Who could it be coming to the front door at this hour? And only one answer came to the question—an answer instinctive and persistent.

‘Danger—danger—danger . . .’

Led by some instinct for which he did not account, Dermot switched off his light, slipped on an overcoat that lay across a chair, and opened the hall door.

Two men stood outside. Beyond them Dermot caught sight of a blue uniform. A policeman!

‘Mr West?’ asked the foremost of the two men.

It seemed to Dermot that ages elapsed before he answered. In reality it was only a few seconds before he replied in a very fair imitation of his man’s expressionless voice:

‘Mr West hasn’t come in yet. What do you want with him at this time of night?’

‘Hasn’t come in yet, eh? Very well, then, I think we’d better come in and wait for him.’

‘No, you don’t.’

‘See here, my man, my name is Inspector Verall of Scotland Yard, and I’ve got a warrant for the arrest of your master. You can see it if you like.’

Dermot perused the proffered paper, or pretended to do so, asking in a dazed voice:

‘What for? What’s he done?’

‘Murder. Sir Alington West of Harley Street.’

His brain in a whirl, Dermot fell back before his redoubtable visitors. He went into the sitting-room and switched on the light. The inspector followed him.

‘Have a search round,’ he directed the other man. Then he turned to Dermot.

‘You stay here, my man. No slipping off to warn your master. What’s your name, by the way?’

‘Milson, sir.’

‘What time do you expect your master in, Milson?’

‘I don’t know, sir, he was going to a dance, I believe. At the Grafton Galleries.’

‘He left there just under an hour ago. Sure he’s not been back here?’

‘I don’t think so, sir. I fancy I should have heard him come in.’

At this moment the second man came in from the adjoining room. In his hand he carried the revolver. He took it across to the inspector in some excitement. An expression of satisfaction flitted across the latter’s face.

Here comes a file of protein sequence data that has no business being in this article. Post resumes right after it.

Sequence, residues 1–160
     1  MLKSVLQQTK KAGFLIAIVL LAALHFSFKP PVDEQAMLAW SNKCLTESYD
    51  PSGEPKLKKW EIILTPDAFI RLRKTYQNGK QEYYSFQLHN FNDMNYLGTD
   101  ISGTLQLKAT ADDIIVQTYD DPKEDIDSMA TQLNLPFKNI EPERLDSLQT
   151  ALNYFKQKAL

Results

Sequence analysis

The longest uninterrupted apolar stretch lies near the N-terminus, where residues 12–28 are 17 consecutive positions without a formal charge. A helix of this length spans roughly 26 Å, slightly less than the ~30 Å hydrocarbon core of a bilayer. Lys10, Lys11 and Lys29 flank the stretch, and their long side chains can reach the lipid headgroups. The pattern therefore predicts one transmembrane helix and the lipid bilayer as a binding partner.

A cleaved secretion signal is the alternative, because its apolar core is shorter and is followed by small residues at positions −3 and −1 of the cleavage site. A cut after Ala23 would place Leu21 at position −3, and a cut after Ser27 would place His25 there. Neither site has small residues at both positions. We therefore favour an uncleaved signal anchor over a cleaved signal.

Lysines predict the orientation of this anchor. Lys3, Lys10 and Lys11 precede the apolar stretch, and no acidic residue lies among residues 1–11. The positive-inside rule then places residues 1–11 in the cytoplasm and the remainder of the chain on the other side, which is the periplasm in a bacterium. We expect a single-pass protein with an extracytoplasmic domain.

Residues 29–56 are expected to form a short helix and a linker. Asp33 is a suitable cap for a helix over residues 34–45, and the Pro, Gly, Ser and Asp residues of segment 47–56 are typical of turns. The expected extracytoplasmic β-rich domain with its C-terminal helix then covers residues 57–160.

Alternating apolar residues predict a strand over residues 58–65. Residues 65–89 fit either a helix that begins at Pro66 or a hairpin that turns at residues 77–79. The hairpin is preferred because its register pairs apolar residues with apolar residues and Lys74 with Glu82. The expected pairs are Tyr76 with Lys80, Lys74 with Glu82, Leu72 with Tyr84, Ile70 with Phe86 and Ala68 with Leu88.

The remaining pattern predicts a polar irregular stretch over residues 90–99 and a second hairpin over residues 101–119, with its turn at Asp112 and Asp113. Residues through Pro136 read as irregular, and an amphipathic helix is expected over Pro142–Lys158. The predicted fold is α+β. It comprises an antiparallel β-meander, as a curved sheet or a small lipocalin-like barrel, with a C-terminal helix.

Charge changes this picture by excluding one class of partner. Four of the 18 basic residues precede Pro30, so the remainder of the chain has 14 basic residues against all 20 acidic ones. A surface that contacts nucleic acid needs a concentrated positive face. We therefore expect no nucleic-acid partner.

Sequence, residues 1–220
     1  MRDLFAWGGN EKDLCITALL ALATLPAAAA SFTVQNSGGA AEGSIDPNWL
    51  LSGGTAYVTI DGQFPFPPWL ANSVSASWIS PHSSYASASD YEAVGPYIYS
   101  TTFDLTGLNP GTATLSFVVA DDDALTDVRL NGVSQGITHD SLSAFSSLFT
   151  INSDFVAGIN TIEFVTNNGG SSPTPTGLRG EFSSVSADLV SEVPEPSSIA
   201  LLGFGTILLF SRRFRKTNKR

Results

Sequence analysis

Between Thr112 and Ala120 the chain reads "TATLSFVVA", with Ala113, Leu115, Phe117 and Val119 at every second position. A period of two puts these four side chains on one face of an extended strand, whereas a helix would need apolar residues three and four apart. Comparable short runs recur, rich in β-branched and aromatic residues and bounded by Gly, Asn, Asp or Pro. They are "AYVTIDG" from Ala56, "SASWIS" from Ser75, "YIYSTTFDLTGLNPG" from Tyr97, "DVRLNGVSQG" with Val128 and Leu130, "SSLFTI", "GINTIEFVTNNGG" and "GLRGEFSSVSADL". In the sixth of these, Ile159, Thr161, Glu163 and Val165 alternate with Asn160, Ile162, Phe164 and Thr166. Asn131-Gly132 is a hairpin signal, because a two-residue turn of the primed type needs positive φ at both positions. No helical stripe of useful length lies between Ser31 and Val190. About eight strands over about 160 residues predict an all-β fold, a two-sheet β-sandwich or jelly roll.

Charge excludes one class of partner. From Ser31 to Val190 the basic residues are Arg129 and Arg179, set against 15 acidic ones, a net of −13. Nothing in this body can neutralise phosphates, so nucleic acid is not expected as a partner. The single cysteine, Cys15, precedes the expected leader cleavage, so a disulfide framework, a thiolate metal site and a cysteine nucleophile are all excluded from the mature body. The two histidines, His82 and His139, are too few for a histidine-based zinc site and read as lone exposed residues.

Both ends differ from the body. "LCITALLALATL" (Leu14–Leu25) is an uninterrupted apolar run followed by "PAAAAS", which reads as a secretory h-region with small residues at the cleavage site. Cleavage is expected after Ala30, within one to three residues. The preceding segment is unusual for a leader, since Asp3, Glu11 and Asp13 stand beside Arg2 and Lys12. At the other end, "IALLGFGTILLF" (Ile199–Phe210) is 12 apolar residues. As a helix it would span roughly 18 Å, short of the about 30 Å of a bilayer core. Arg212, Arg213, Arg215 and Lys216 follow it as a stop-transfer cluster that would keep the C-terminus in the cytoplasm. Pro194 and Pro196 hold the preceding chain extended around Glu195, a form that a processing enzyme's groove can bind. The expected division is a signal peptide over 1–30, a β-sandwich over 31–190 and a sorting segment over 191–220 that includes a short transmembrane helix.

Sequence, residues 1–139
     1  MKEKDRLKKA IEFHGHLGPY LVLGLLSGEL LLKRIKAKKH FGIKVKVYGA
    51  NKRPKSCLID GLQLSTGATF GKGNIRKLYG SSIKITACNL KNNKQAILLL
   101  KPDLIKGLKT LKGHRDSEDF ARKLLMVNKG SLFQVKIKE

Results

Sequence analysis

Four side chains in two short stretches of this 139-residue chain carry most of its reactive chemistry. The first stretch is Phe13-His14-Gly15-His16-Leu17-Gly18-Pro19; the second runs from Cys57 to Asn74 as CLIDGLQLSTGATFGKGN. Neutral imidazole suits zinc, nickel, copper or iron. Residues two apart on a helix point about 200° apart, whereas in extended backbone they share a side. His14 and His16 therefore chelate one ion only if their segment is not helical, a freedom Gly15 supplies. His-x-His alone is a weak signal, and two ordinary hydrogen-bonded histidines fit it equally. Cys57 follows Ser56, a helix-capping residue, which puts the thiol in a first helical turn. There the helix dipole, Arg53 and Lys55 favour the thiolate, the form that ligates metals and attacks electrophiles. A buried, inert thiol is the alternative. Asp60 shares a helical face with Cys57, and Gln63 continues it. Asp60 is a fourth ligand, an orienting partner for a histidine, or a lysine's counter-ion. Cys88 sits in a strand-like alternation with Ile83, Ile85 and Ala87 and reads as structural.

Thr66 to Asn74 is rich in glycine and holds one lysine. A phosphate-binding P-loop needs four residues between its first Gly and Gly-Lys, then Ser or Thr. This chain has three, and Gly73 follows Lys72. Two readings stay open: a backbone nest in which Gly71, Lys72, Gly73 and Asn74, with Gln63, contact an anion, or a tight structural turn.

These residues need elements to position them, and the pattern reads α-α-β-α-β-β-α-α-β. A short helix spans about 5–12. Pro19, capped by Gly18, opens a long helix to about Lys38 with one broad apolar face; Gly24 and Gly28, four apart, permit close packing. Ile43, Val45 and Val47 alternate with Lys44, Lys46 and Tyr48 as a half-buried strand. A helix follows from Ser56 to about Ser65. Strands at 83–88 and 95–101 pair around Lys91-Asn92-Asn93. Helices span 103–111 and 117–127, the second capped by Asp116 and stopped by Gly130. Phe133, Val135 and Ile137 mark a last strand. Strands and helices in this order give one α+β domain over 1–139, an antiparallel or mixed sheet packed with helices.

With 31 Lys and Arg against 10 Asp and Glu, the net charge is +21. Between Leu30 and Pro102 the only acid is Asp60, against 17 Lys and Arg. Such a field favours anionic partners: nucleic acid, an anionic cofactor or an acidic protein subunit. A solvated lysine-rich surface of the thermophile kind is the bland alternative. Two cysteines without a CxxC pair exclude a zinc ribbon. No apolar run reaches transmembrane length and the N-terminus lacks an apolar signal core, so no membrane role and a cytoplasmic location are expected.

‘That settles it,’ he remarked. ‘Must have slipped in and out without your hearing him. He’s hooked it by now. I’d better be off. Cawley, you stay here, in case he should come back again, and you keep an eye on this fellow. He may know more about his master than he pretends.’

The inspector bustled off. Dermot endeavoured to get at the details of the affair from Cawley, who was quite ready to be talkative.

‘Pretty clear case,’ he vouchsafed. ‘The murder was discovered almost immediately. Johnson, the manservant, had only just gone up to bed when he fancied he heard a shot, and came down again. Found Sir Alington dead, shot through the heart. He rang us up at once and we came along and heard his story.’

‘Which made it a pretty clear case?’ ventured Dermot.

‘Absolutely. This young West came in with his uncle and they were quarrelling when Johnson brought in the drinks. The old boy was threatening to make a new will, and your master was talking about shooting him. Not five minutes later the shot was heard. Oh! yes, clear enough. Silly young fool.’

Clear enough indeed. Dermot’s heart sank as he realized the overwhelming nature of the evidence against him. Danger indeed—horrible danger! And no way out save that of flight. He set his wits to work. Presently he suggested making a cup of tea. Cawley assented readily enough. He had already searched the flat and knew there was no back entrance.

Dermot was permitted to depart to the kitchen. Once there he put the kettle on, and chinked cups and saucers industriously. Then he stole swiftly to the window and lifted the sash. The flat was on the second floor, and outside the window was a small wire lift used by tradesmen which ran up and down on its steel cable.

Like a flash Dermot was outside the window and swinging himself down the wire rope. It cut into his hands, making them bleed, but he went on desperately.

A few minutes later he was emerging cautiously from the back of the block. Turning the corner, he cannoned into a figure standing by the sidewalk. To his utter amazement he recognized Jack Trent. Trent was fully alive to the perils of the situation.

‘My God! Dermot! Quick, don’t hang about here.’

Taking him by the arm, he led him down a by-street, then down another. A lonely taxi was sighted and hailed and they jumped in, Trent giving the man his own address.

‘Safest place for the moment. There we can decide what to do next to put those fools off the track. I came round here hoping to be able to warn you before the police got here, but I was too late.’

‘I didn’t even know that you had heard of it. Jack, you don’t believe—’

‘Of course not, old fellow, not for one minute. I know you far too well. All the same, it’s a nasty business for you. They came round asking questions—what time you got to the Grafton Galleries, when you left, etc. Dermot, who could have done the old boy in?’